I recently presented Supply Chainsaw: Practical software supply chain attacks for everyone at the OPCDE technical security conference in Dubai.
In any complex system, a solution that best meets one goal will fall short in other areas. Computer programs to solve nearly any problem in the fastest manner will not be the algorithms that use the least memory. Solutions that can be written in the least amount of time will neither be the fastest nor […]
For another short detour from information security… Climate policy is again in the news. The past year has seen record high temperatures, the election of a US President who claimed global warming was a hoax invented by the Chinese (then later backed off), and the 10th anniversary of probably the most authoritative decision regarding climate […]
Update – 10/9 The PowerShell team has been very responsive in addressing these issues. The documentation should be updated soon (if not yet). Lee Holmes from the PowerShell team also addressed these issues in another DerbyCon presentation: https://www.youtube.com/watch?v=JDtUmue9mIw&feature=youtu.be&t=1766 tl;dr Just Enough Administration (JEA) is a new Windows 10/Server 2016 feature to create granular least privilege […]
A few weeks ago, a lot of attention was paid to Dropbox for “hacking” macs. Dropbox asked for your admin password when it was installed, then used that root access to enable privileges later even if you try to disable them. Despite the internet’s indignation and Dropbox’s impoliteness, Dropbox wasn’t exploiting any vulnerability or breaking […]
Common wisdom would have you believe when you run sudo that you are only granting root privileges to one command at one point in time. In reality, you are granting root privileges to any hacker who has ever run any code in any process at any previous time in your account and decided they wanted escalated privileges.
Use completely unprivileged accounts for day-to-day tasks, then log out and log in with a privileged, trusted account for privileged tasks; don’t use runas or sudo from your day-to-day account; it eliminates the security benefits of using the unprivileged account.
Control should always flow from a more privileged and more trusted environment to the less privileged, untrusted environment; going the other way, even when presenting credentials, only allows those credentials to be stolen and hackers to ride up to the higher privileges. This is not a new idea; it is why Microsoft’s #1 recommendation to secure privileged accounts from credential theft is to make it so you cannot log into a privileged account from an ordinary, untrusted workstation. But this principle frequently seems to be forgotten.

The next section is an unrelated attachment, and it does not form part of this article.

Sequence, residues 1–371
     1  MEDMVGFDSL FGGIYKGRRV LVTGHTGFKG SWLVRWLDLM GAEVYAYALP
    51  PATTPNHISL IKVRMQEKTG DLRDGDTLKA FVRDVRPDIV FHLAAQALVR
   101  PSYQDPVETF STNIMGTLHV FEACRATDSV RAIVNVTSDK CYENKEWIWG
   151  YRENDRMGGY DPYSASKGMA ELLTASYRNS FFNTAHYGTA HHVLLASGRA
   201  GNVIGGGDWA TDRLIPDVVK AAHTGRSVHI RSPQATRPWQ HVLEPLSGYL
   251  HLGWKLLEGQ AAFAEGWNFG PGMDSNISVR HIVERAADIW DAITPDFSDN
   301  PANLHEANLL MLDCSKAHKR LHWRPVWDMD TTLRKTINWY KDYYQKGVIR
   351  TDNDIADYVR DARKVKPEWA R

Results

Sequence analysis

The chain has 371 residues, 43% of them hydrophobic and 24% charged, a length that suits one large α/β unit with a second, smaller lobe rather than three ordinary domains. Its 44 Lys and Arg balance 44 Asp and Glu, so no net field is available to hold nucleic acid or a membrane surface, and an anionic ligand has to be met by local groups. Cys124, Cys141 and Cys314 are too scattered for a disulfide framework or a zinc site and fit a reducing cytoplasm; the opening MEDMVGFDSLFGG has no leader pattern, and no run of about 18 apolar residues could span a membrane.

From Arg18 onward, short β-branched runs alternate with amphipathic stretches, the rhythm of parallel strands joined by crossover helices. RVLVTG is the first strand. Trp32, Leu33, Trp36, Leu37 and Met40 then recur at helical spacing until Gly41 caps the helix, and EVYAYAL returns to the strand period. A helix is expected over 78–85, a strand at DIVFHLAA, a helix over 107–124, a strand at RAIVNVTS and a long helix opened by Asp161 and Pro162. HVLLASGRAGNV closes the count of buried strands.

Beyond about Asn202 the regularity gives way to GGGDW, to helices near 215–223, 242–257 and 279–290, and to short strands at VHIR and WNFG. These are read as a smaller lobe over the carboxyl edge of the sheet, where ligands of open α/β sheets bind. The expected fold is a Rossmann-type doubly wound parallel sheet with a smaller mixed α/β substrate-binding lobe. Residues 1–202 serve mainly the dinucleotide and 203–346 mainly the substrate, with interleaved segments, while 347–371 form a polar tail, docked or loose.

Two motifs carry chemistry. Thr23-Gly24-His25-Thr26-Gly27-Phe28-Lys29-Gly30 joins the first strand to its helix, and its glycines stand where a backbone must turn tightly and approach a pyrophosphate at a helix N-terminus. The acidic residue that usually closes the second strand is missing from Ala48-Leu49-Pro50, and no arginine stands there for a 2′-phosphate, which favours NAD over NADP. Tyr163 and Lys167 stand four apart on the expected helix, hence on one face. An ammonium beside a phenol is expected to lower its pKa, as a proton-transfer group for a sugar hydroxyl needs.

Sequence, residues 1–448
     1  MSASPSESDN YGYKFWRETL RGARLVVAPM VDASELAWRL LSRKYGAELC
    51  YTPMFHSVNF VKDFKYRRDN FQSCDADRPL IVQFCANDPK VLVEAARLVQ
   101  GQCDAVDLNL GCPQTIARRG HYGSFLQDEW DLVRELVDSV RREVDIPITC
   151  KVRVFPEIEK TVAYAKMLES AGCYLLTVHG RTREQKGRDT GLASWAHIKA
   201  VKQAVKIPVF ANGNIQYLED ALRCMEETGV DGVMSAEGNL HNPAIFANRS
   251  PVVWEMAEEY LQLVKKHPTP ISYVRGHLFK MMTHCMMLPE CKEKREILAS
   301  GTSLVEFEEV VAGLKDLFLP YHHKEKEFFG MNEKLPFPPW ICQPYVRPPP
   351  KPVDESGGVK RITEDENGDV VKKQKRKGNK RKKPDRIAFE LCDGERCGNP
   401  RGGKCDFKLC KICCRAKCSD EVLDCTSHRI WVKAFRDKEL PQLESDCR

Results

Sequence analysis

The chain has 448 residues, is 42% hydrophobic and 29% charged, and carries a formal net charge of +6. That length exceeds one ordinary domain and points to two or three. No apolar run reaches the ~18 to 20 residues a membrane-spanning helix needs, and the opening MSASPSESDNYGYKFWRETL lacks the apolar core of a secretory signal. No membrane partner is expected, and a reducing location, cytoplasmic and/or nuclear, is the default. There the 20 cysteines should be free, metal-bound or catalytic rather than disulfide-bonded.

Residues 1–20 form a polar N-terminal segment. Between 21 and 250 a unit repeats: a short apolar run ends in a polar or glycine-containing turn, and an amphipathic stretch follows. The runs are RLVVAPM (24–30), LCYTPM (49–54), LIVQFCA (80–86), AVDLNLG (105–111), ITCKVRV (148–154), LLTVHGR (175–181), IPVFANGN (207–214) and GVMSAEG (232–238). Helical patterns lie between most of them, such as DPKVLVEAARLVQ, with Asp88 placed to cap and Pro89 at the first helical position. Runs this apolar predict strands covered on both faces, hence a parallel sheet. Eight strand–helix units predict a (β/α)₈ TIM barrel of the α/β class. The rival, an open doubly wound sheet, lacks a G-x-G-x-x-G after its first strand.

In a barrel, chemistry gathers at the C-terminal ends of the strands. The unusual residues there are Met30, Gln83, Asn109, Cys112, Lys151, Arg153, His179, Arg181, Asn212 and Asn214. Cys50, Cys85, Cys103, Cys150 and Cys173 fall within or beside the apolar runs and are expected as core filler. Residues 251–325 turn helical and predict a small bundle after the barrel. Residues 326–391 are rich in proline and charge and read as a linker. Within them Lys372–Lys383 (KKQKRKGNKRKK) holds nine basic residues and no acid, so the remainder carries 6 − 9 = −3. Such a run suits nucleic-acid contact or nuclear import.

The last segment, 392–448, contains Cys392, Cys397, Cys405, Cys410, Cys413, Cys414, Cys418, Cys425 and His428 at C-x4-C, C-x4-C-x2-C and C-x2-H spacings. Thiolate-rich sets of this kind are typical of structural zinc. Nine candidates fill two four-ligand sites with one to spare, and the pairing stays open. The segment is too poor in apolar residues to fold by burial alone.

If you’re writing tools for red teaming or pentesting, the main point of your backdoors, or implants as people are starting to call them, is to enable remote control of a system without being detected. If that fails, and your backdoor is found, the next best option is to avoid analysis so any of your […]
Cloud services can save a lot of time and money, but security is a frequent concern. You use the providers as a data store right now, but it is not simple to do so in a way that is available and flexible for live applications, keeps information confidential from the cloud provider and prevents the cloud provider from silently corrupting data to break your security model. The good news is that by layering existing technologies on top of each other, we can achieve those goals.
The basic idea is to use the untrusted system as a remote block storage device, then layer an encrypted mapped block device on top of that using LUKS to keep the cloud provider from seeing the data contents, then layer a filesystem that performs both metadata and data checksumming on top of that.
Although I have done a lot of software development on different projects, I am not great at making nice looking UI’s. Someone recently told me it would be easy to set up a simple but nice looking webapp starting with a quick Yeoman Angular tutorial. What follows is my actual experience. Step 1: Get development […]
A common theme among information security commenters and keynotes is that infosec can and either will or should evolve to be more like structural engineering, product safety, and public health, as they have all but eliminating the risk of dying in a commercial aircraft accident or dying from polio. Why don’t we follow the same process to stop getting hacked? It would be nice if attackers were just a disease, pest, or accident that we could vaccinate, spray, or certify away. But we have intelligent, adaptive, goal-driven, human adversaries. So let’s learn from the fields that have been dealing with them for centuries.